When asked what I love about Japan ” the food!” is one of the first things that come to mind. Washoku or Japanese cuisine is not only healthy and delicious it is seeped in cultural meaning. It can be so simple yet complex at the same time. Flavours range from the incredibly subtle and layered to the strong and pungent.
Washoku is not just one dish but a meal that is balanced and nutritious. It is thought out from the colours and textures of the ingredients, the presentation and use of different serving dishes, to the use of seasonal ingredients with complimentary yet contrasting tastes.
Special foods are served for special cultural occasions. Osechiryouri is served at New Year. There are special dishes for Girls’ day and Boys’ day. These foods combined with the customs and festivities help make these days very special and memorable.
Beautiful Osechryouri platters served at New Year
Girls’ day dishes 3rd March
Boys’ day food 5th May
Before Japan became the huge modern industrialized giant it is now it was an agricultural society as it was very much closed off to the rest of the world and had to produce all of its own food. I think this is the reason that Japanese washoku is so characteristic and particular to Japan. It has also made Japanese people are very knowledgeable about seasonal foods. Japan has very distinct seasons and a wide range of weather patterns meaning many foods were not available all year round.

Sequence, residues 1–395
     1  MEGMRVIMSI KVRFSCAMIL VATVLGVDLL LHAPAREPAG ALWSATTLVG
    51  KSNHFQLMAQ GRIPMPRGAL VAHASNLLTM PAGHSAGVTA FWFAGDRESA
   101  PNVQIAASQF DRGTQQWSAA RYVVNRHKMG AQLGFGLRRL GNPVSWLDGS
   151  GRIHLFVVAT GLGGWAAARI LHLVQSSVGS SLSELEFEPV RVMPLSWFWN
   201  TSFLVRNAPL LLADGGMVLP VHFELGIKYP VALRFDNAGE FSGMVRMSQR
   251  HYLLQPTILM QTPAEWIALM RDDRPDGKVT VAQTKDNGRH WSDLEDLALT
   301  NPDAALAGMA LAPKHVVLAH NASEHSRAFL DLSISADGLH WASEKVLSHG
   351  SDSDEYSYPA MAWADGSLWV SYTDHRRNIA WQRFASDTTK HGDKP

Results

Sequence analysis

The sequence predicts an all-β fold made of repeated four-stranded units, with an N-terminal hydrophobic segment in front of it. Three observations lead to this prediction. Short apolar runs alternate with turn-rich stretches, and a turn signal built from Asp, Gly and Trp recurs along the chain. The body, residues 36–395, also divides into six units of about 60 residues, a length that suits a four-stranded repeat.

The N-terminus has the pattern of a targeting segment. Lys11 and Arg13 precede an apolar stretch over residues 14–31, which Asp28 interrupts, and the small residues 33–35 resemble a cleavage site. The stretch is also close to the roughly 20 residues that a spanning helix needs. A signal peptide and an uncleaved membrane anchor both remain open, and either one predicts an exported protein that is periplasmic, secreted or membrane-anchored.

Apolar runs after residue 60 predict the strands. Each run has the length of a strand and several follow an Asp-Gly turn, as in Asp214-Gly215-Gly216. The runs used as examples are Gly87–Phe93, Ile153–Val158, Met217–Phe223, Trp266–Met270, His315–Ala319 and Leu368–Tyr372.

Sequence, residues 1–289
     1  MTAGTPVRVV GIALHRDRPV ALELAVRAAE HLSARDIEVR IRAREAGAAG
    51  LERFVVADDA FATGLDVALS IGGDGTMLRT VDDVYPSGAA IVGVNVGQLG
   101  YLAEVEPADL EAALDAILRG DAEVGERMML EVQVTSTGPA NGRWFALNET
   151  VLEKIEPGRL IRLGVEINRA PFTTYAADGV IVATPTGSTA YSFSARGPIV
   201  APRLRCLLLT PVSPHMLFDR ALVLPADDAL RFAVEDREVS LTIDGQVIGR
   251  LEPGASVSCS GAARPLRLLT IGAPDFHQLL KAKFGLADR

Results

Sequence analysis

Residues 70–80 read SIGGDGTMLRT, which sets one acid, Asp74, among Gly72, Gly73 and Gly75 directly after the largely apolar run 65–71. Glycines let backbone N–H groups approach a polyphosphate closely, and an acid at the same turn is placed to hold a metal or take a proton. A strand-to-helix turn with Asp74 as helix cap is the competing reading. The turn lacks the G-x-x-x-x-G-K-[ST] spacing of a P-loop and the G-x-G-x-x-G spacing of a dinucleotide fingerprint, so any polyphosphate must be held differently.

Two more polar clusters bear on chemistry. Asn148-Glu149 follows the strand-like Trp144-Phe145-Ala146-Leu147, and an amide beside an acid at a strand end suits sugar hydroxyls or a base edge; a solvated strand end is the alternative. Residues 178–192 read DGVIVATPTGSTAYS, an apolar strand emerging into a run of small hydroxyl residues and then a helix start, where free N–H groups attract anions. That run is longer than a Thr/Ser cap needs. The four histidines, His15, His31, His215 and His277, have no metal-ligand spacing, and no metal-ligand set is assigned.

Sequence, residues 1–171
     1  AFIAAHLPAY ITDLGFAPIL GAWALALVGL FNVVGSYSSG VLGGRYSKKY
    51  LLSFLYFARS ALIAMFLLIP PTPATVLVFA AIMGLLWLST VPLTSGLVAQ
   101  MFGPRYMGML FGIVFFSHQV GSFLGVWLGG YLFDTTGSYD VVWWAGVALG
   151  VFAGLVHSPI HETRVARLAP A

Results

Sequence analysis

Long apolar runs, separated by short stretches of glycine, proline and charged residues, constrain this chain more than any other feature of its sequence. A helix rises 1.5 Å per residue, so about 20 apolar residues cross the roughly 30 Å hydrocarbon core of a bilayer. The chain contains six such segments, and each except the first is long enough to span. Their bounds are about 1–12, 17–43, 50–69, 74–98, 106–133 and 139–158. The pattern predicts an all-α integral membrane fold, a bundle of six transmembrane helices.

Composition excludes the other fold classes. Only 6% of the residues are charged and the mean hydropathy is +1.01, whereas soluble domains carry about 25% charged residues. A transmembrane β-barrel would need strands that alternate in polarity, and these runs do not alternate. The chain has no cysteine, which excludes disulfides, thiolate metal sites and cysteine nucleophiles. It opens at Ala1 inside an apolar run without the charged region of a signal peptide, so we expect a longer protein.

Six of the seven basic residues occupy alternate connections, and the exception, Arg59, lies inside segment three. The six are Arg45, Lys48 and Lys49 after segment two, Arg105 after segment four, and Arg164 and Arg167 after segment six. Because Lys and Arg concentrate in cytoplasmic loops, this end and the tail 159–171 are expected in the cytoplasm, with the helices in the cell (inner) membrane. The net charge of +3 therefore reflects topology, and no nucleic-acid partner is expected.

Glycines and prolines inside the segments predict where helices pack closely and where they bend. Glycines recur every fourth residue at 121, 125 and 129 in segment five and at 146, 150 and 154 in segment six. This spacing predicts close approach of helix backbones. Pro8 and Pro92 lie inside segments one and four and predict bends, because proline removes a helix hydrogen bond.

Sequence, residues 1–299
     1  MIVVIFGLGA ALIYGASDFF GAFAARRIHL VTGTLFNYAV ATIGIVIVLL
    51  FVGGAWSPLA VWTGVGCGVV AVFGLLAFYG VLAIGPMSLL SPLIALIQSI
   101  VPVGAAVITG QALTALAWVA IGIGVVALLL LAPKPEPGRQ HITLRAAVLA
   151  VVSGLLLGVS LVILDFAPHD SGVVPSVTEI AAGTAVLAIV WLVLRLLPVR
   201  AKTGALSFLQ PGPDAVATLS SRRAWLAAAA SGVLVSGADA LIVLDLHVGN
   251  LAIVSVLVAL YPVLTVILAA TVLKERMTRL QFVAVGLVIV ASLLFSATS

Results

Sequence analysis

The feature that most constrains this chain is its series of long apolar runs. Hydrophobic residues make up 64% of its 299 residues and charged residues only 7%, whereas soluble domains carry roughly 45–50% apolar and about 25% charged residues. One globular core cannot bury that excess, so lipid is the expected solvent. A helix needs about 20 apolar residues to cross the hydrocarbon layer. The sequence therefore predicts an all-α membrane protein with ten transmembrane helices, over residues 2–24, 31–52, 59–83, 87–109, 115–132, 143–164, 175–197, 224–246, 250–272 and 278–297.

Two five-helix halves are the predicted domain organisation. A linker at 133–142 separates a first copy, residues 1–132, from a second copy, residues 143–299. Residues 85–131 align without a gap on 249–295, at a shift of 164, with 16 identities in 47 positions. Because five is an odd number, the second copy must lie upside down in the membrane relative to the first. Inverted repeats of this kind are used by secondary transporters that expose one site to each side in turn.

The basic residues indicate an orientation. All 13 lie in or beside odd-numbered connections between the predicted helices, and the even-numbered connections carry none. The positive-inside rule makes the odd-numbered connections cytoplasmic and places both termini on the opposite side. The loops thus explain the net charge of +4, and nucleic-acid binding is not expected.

Another fascinating feature is the huge range of regional foods. Each prefecture seems to have their own special dishes. Again Japanese people are so knowledgeable about this.While the Japanese don’t seem to take extended vacations like we gaijin (foreigners), they are very well traveled around Japan and there is a big travel market for overnight – two day trips to different prefectures. There are travel magazines devoted to exploring different regions and chapters on what specialties you should try while there. Many of these trips are taken specifically to go somewhere to eat that region’s seasonal delicacy. This poster shows the specialties of the 4 prefectures located in Shikoku.
All the major train stations on the bullet train lines have something called an eki ben. This a Station Obentou or a packed box lunch. It is made from regional produce and dishes. Many people have a tick list of different ekiben they have eaten. It’s a bit like a food specialty bucket list. The Japanese custom of bringing back souvenirs for friends, family and workmates means even if they have only been away on a weekend jaunt they bring back something for everyone. Common souvenirs include boxes of individually wrapped morsels of a local specialty. This is an easy way to hand out a little something to all your office workmates and plays its part in educating people about regional foods.